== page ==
Skeptical hypothesis are nice philosophical quandries. Do we have reason to believe the world we perceive is real? Maybe we’re brains in vats or under the spell of an evil demon. (What is this “we”, anyway? How do I know there’s any experiences besides my own?) I spend a fair bit of my thinking time on these problems. Berkeley wrote a substantial amount on why skeptics are wrong, and I also spend a fair bit of time thinking about Berkeley.
But someone might think that these questions don’t really matter. They might say the quandries are fun little puzzles, but don’t ultimately matter. I think that’s entirely wrong, and here’s one argument against it:
Let’s assume there is some value. If there isn’t, then this whole point is rather moot. Moreover, value happens at the level of reality. If anything at an imaginary or virtual level is of value, it’s only in virtue of impact on the real. For example, nothing in a video game matters in itself. But, what happens in a video game can matter for the real players.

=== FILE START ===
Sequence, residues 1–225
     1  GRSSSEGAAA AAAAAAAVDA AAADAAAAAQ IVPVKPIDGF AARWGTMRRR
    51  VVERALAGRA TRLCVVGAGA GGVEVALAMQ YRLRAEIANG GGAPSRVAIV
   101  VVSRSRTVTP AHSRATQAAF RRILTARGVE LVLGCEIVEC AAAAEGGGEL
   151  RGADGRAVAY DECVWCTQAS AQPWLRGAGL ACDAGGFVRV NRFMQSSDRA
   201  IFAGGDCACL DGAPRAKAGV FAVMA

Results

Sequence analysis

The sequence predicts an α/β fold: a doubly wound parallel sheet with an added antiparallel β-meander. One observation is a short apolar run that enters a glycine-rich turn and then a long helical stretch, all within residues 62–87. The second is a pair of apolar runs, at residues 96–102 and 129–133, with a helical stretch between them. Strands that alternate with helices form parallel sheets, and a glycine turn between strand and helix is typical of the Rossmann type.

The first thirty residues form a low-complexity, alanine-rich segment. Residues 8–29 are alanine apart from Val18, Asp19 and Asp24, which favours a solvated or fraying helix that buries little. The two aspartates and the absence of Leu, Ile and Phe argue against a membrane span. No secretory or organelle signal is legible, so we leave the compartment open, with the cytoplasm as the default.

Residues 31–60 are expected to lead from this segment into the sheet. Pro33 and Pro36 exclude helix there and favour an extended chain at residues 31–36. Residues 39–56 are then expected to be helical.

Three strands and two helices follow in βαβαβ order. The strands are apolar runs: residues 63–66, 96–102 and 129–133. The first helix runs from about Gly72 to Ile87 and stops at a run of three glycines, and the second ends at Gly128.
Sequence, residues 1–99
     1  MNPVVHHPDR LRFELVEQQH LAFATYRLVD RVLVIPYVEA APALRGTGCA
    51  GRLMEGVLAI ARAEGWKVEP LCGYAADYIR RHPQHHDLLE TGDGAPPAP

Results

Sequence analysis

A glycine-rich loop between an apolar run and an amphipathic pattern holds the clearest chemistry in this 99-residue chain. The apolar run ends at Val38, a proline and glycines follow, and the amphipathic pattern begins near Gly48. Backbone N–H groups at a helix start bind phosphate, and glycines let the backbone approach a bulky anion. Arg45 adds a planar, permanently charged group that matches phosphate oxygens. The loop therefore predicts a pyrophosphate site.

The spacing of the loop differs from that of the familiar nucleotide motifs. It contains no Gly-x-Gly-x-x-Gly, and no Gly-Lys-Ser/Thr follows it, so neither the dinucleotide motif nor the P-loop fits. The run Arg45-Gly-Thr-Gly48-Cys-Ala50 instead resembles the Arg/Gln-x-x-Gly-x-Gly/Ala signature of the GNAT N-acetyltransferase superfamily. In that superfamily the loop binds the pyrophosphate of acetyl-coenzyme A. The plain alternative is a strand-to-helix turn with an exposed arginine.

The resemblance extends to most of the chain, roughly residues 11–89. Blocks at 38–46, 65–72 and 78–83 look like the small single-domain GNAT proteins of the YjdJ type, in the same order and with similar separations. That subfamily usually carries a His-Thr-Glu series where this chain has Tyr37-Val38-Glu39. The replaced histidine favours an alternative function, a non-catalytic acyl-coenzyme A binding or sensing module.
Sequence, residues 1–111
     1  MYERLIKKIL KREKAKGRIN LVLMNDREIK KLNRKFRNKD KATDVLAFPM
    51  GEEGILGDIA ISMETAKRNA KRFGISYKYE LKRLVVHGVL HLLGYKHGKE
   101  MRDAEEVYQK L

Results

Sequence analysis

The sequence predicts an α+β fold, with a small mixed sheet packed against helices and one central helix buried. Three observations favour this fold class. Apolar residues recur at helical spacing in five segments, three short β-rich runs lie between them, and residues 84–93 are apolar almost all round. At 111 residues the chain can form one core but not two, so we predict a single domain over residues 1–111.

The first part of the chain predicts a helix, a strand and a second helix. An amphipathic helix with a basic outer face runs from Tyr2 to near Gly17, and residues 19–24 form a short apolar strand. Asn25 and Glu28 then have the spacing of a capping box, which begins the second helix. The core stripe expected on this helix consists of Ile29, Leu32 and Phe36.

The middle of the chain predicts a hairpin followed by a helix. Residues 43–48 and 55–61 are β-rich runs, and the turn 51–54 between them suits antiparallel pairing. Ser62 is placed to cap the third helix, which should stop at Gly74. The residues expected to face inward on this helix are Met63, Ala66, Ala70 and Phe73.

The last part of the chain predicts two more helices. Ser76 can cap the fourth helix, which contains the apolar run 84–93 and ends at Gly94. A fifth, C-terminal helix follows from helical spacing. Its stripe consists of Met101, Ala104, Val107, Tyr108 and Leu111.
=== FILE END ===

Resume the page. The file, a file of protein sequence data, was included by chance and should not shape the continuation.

For the sake of argument, let’s say petting kittens is good, and kicking kittens is bad. But of course we’re concerned with real kittens. Enter the skeptic. She suggests that there is a demon that inverts our perceptions of these two things. Whenever you appear to pet a kitten, in reality a kitten is kicked. But whenever you appear to kick a kitten, in reality a kitten is petted. If that were the case, then you should act to appear as though you are kicking kittens. When you see someone pet a kitten, you should condemn them.
This could be generalized to nearly any pair of values. You could also remove the pairing and just have a neutral thing correspond with a good or bad thing. Perhaps tapping your fingers on a table in appearance causes a real kitten to be kicked. Then you better not tap your fingers on a table in appearance.
(Of course, I think that hypothesis is wrong, but my point is that its being wrong is important.)